In the remainder of this section I will situation the mindplex concept within three aspects of this futurological analysis: the global brain, artificial general intelligence, and the Singularity.
2.1 Artificial General Intelligence
When psychologists speak of human intelligence, they implicitly mean general intelligence. The notion of IQ arose in psychology as an attempt to capture a “general intelligence” factor or G-factor , abstracting away from ability in specific disciplines. Narrow AI, however, has subtly modified the meaning of “intelligence” in a computing context, to mean, basically, the ability to carry out any particular task that is typically considered to require significant intelligence in humans (chess, medical diagnosis, calculus,…). Our notion of Artificial General Intelligence (AGI) separates task-specific from generic intelligence, and refers to something roughly analogous to what the G-factor is supposed to measure in humans.
When one distinguishes narrow intelligence from general intelligence, the history of the AI field takes on a particularly striking pattern. AI began -- in the mid-20’th century -- with dreams of artificial general intelligence – of creating programs with the ability to generalize their knowledge across different domains, to reflect on themselves and others, to create fundamental innovations and insights. But by the early 1970’s, nothing approaching AGI had been realized, frustrating researchers, commentators, and those who fund research. AGI faded into the background with only a handful of research projects and acquired a markedly bad reputation and a great deal of skepticism.
Today in 2003, however, things are substantially different than in the early 1970’s when AGI lost its luster. Modern computer hardware and networks are incomparably more powerful than the best supercomputers of the early 70’s, and software infrastructure has also advanced considerably.
The supporting technologies for AGI are now in place. Furthermore, the mathematics of cognition is more fully understood, partly due to work on narrow AI, but also due to revolutionary advances in neuroscience and cognitive psychology. The same advances in computer technology that have created current multidisciplinary information overload will enable the development AGI technology and allow us to convert this overload into enhanced knowledge management and analysis.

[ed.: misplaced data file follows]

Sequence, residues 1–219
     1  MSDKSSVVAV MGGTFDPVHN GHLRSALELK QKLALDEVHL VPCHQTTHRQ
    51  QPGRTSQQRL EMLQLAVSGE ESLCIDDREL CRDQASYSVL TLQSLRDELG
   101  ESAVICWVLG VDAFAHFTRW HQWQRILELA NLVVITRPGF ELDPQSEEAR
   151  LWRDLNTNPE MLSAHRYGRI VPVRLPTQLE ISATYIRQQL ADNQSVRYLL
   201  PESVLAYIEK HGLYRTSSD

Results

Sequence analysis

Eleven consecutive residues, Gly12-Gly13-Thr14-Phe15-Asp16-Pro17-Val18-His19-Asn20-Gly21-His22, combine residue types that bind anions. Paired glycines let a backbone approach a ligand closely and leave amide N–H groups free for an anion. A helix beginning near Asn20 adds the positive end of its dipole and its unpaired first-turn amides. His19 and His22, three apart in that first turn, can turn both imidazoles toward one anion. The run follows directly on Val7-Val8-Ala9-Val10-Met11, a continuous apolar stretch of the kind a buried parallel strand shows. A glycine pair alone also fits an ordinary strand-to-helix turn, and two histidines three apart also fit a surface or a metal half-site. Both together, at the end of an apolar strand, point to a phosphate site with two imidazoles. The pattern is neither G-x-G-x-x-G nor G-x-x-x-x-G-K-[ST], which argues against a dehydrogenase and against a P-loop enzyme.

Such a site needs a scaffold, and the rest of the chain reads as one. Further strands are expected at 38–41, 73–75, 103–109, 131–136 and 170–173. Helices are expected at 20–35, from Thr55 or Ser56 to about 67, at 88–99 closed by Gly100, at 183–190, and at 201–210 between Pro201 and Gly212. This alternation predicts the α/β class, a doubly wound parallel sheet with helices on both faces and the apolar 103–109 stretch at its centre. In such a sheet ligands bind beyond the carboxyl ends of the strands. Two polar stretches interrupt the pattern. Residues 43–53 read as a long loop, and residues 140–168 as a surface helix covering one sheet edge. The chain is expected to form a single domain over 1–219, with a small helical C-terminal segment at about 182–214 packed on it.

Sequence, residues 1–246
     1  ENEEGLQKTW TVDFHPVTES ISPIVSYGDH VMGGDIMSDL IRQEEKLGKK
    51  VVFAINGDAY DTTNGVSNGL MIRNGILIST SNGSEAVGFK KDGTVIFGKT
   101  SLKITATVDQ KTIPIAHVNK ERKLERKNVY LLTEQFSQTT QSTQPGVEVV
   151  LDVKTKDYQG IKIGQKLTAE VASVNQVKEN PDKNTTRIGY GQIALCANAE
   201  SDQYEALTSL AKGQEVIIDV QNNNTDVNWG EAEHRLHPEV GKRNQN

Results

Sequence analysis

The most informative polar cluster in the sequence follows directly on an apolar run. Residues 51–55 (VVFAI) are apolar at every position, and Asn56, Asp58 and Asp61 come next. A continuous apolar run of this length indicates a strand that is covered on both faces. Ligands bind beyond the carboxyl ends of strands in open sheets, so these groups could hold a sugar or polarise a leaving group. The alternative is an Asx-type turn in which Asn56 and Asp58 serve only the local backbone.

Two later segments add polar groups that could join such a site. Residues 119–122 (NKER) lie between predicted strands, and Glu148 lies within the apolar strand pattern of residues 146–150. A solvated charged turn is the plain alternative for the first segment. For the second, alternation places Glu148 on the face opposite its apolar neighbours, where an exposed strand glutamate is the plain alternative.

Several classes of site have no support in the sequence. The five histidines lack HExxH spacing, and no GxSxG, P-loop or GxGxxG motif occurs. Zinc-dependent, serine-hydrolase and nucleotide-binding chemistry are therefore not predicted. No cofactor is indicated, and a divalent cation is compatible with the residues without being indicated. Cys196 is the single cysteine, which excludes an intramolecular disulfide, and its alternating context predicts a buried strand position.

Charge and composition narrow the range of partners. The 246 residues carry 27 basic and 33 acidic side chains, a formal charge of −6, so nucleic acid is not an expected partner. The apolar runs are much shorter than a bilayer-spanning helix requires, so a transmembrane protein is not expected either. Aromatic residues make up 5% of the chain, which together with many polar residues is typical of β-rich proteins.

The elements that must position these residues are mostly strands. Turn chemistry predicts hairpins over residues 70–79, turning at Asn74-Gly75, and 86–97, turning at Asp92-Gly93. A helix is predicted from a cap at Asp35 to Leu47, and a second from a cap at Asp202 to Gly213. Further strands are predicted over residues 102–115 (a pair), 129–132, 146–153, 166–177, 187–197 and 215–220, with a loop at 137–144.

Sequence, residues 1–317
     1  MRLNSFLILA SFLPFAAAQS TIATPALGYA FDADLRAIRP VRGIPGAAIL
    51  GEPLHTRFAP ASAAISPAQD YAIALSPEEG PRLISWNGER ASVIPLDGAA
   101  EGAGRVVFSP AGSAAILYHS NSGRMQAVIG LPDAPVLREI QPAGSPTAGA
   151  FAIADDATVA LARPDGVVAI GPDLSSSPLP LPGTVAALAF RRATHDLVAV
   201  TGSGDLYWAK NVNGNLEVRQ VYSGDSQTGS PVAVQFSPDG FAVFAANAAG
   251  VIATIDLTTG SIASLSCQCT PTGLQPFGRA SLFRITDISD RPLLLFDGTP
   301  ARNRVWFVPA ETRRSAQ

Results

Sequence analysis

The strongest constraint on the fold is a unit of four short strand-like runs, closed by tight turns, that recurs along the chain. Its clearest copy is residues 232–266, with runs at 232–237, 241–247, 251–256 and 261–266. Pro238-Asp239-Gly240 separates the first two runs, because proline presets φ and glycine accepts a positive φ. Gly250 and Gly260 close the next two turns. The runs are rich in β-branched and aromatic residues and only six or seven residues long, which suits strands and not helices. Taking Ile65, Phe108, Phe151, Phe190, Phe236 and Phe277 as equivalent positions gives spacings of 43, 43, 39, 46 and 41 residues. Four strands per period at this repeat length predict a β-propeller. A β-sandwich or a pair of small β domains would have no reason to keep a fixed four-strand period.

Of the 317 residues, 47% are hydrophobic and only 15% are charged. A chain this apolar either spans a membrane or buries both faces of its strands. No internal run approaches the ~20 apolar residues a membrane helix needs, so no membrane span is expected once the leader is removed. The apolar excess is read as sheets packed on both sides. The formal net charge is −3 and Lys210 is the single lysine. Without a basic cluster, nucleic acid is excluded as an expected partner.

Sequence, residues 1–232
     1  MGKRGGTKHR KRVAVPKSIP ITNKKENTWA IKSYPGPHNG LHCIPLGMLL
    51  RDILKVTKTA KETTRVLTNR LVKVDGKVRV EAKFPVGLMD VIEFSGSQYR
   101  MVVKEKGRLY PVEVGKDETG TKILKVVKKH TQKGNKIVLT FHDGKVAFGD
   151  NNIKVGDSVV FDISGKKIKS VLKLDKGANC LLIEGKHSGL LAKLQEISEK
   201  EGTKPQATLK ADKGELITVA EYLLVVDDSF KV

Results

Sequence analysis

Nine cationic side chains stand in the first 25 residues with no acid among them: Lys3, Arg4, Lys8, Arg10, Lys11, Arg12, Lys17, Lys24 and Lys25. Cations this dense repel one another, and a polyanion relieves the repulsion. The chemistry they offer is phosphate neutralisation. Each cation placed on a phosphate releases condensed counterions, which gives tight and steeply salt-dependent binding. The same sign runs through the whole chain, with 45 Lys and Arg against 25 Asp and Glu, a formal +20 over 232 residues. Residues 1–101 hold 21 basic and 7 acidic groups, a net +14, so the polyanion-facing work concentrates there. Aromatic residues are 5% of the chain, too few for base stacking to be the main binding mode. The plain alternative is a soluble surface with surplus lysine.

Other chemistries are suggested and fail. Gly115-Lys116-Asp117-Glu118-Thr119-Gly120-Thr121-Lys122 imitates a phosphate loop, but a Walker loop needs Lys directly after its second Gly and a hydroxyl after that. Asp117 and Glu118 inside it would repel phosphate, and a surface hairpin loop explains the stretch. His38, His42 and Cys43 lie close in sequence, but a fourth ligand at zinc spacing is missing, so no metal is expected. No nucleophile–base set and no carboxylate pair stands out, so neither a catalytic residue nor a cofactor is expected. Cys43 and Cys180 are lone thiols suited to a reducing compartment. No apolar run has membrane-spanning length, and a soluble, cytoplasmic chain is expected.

Like nanotechnology1, I believe, AGI is “merely an engineering problem,” though certainly a very difficult one. Brain science and theoretical computer science suggest that, with the right design, it is possible to make significantly more progress toward AGI than is manifested in the current state of AI software.
When one seeks to formalize the notion of general intelligence, one quickly runs up against the fact that “intelligence” is an informal human language concept rather than a rigorously defined scientific concept; its meaning is complex, ambiguous and multifaceted. However, one may work around this by creating formal definitions explicitly aimed at capturing part rather than all of the informal natural language notion. In this vein, in the author’s 1993 book The Structure of Intelligence , a simple working definition of intelligence was given, building on various ideas from psychology and engineering. The mathematical formalization of the definition requires more notation and machinery than I will present here, but the gist is:
General intelligence is the ability to achieve complex goals in complex environments
A primary aspect of this “complex goals in complex environments” definition is the plurality of the words “goals” and “environments.” A single complex goal or single narrow environment is insufficient. A chess-playing program is not a general intelligence, nor is a data mining engine that does nothing but seek patterns in consumer information databases, nor is a program that can extremely cleverly manipulate the multiple facets of a researcher-constructed microworld (unless the microworld is vastly more rich and diverse one than any ever yet constructed). A general intelligence must be able to carry out a variety of different tasks in multiple contexts, generalizing knowledge from one context to another, and evolving a context and task independent pragmatic understanding of itself and the world.
One sort of “rich environment,” potentially supportive of AGI, is the portion of the physical world in which human beings reside. Another kind of rich environment, potentially supportive of AGI, is the Internet – considered not merely as a set of Web pages, but as a complex multifaceted environment containing a family of overlapping, dynamic databases, accessed and updated by numerous simultaneous users continually generating new information individually and collaboratively. Many overlapping and complex goals confront an AI system seeking to play a humanlike social role in this space – I believe that the Net provides a sufficiently rich goal/environment set to support the emergence of a robust general intelligence.